To blog or not to blog: CNO connects with staff nurses
After reading this article, you will be able to:
- Develop a blog in order to communicate with your CNO
There are a number of methods organizations can use to help demonstrate visibility of their CNO, and with readily available, user-friendly technology all around us, something as simple as blogging can turn into a road of communication between the CNO and the staff. St.Vincent Indianapolis Hospital, for example, turned to the nursing portal on its intranet.
“This is our one-stop shop for nurses,” says Sallie Latty, MA, BSN, RN, MRP coordinator at St.Vincent. “We were looking at ways to meet the needs of a younger generation.” That younger generation would be more tech-savvy and more likely to look for updates through electronic means, such as a blog.
It’s not a small task to reach all of the organization’s nurses, either—there are 2,300 nurses at St.Vincent, 1,500 of those at the bedside.
Although talking leadership into adopting new or different technology options can be a challenge in healthcare settings, this was not the case at St.Vincent. It didn’t take any convincing to get the CNO to participate in a blog.
“Our CNO loved it the minute the idea popped up,” says Latty. “There was no need for encouragement— she was really excited about it.”
The blog’s content started directly.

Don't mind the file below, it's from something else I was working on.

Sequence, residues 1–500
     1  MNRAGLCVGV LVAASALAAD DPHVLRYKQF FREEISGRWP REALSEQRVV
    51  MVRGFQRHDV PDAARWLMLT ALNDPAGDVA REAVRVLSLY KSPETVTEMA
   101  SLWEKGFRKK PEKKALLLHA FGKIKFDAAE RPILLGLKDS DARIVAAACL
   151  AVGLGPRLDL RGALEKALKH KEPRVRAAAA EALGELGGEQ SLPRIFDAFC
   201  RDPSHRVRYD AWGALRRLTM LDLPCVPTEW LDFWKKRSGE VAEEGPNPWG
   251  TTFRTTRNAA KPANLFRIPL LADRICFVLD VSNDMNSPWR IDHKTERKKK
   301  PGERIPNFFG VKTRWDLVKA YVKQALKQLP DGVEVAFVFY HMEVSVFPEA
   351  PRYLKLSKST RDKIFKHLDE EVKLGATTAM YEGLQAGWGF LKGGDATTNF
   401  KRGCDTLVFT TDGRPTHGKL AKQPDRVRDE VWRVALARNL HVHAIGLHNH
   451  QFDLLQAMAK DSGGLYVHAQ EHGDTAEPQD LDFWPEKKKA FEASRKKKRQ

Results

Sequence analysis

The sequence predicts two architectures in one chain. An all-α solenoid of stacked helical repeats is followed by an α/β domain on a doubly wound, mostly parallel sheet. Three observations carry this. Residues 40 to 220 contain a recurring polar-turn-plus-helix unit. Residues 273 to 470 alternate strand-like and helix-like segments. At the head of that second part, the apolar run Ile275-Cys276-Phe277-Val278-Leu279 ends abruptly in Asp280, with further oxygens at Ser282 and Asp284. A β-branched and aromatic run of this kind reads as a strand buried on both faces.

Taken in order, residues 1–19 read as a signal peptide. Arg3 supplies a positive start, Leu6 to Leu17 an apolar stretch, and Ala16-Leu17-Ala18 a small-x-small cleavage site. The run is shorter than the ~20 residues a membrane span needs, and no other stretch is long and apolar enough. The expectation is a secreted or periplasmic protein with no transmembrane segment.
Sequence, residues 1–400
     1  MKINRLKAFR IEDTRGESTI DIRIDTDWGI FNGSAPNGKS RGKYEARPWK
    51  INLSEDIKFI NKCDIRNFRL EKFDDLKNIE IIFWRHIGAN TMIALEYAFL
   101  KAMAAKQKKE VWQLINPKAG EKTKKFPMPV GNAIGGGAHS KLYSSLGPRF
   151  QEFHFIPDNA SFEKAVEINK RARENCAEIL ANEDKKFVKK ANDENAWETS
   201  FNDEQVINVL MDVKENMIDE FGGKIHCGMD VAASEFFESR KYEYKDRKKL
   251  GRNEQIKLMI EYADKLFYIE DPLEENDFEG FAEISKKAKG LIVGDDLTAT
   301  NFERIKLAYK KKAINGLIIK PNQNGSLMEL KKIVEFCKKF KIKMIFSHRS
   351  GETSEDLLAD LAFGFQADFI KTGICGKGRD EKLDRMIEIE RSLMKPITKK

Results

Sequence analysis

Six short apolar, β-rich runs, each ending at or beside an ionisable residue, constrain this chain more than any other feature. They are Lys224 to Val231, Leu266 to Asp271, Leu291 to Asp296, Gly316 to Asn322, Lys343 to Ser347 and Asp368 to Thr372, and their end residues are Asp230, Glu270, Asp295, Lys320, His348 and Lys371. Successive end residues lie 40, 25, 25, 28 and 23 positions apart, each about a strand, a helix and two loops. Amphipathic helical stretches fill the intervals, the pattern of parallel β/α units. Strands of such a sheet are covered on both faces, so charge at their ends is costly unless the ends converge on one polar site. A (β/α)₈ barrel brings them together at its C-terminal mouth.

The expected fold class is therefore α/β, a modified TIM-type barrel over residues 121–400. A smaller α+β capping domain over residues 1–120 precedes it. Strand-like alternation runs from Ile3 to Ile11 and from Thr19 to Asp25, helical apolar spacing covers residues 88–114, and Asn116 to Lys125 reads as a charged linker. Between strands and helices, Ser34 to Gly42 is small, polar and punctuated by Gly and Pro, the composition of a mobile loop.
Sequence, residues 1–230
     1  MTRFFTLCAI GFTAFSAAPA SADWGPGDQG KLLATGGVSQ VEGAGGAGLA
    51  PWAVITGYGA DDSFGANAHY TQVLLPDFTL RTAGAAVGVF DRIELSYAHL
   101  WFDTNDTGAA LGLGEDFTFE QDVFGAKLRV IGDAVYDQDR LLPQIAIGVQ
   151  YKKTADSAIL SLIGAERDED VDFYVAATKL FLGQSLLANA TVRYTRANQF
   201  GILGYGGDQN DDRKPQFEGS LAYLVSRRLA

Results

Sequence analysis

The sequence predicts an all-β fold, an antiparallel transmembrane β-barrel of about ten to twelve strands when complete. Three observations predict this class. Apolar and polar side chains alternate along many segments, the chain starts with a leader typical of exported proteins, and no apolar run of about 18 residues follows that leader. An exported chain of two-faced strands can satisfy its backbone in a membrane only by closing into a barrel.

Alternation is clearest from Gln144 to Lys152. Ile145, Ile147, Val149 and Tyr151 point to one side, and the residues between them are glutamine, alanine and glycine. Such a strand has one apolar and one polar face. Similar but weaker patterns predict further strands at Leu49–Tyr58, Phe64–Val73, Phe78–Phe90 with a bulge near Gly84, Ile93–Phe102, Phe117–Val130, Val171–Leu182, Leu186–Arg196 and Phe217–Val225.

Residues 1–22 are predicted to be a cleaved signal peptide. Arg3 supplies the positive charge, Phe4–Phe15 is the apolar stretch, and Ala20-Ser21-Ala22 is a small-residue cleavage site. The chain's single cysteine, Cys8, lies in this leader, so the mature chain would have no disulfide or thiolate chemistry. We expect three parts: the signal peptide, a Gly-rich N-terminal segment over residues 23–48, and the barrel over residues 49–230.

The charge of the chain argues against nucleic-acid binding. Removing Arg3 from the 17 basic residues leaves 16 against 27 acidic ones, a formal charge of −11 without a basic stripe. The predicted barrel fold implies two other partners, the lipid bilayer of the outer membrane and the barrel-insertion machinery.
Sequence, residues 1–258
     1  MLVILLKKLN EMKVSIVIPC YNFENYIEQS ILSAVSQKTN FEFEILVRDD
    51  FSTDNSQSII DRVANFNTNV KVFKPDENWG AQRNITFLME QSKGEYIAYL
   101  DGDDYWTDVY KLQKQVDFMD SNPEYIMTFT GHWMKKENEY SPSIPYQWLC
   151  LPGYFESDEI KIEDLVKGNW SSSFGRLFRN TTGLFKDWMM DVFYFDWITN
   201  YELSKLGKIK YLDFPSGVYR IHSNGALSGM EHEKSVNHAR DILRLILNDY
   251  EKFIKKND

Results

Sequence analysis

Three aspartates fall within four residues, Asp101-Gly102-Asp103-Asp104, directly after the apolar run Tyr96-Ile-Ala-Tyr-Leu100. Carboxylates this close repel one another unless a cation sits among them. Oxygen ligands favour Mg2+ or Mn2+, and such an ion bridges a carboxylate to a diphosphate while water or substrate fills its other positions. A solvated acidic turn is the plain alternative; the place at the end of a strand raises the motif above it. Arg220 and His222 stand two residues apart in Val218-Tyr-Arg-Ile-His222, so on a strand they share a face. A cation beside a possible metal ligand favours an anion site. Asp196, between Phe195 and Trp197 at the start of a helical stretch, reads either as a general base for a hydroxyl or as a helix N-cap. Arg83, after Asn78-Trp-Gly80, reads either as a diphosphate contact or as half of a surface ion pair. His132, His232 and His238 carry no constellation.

“The very first blog posted was meant to gain feedback on how the nursing staff wanted our CNO to be visible in the organization,” says Latty. “Did they want [her] to have public forums, tours of their units, shadow nurses—what were their thoughts?”
The hope was to use the blog as a direct communication tool. But the first post received only 19 responses.
“We needed to increase awareness the blog existed,” says Latty. “So we focused our efforts on communication.”
Posts were also used to educate as well as thank staff members. For example, one post talked about the daunting task of implementing the electronic medical record (EMR).
“We recently implemented the EMR, and the last blog talked about that, discussing how there might be bumps in the road and thanking everyone for doing their part,” says Latty.
Setting up the blog was simple. St.Vincent had the blog up and running in less than one day with the help of the organization’s IT department.
It was so convenient, in fact, that it led to one of the first lessons of creating a blog: Have a communication plan in place.
“One thing we realized—and it’s still a pretty new blog—is that if you don’t keep the posts current, people stop going to the site,” says Latty.
And given how busy every CNO is, finding time to write blog posts on a regular basis can be tough. Although they may not take much time, they do require a good deal of thought.
“In hindsight, because the idea surfaced quickly and there was so much excitement, we didn’t spend much time planning what the process would be, what the purpose would be for the blog,” says Latty.
She suggests spending some time with all the parties involved in conceiving and maintaining the blog to create a plan and goal before implementing it.
“Do that up front,” says Latty. “Two questions we encountered later were: Do people know about it? And what is our plan for keeping it current?”
The blog had the potential to reach those staff members who can be the most difficult for CNOs to find.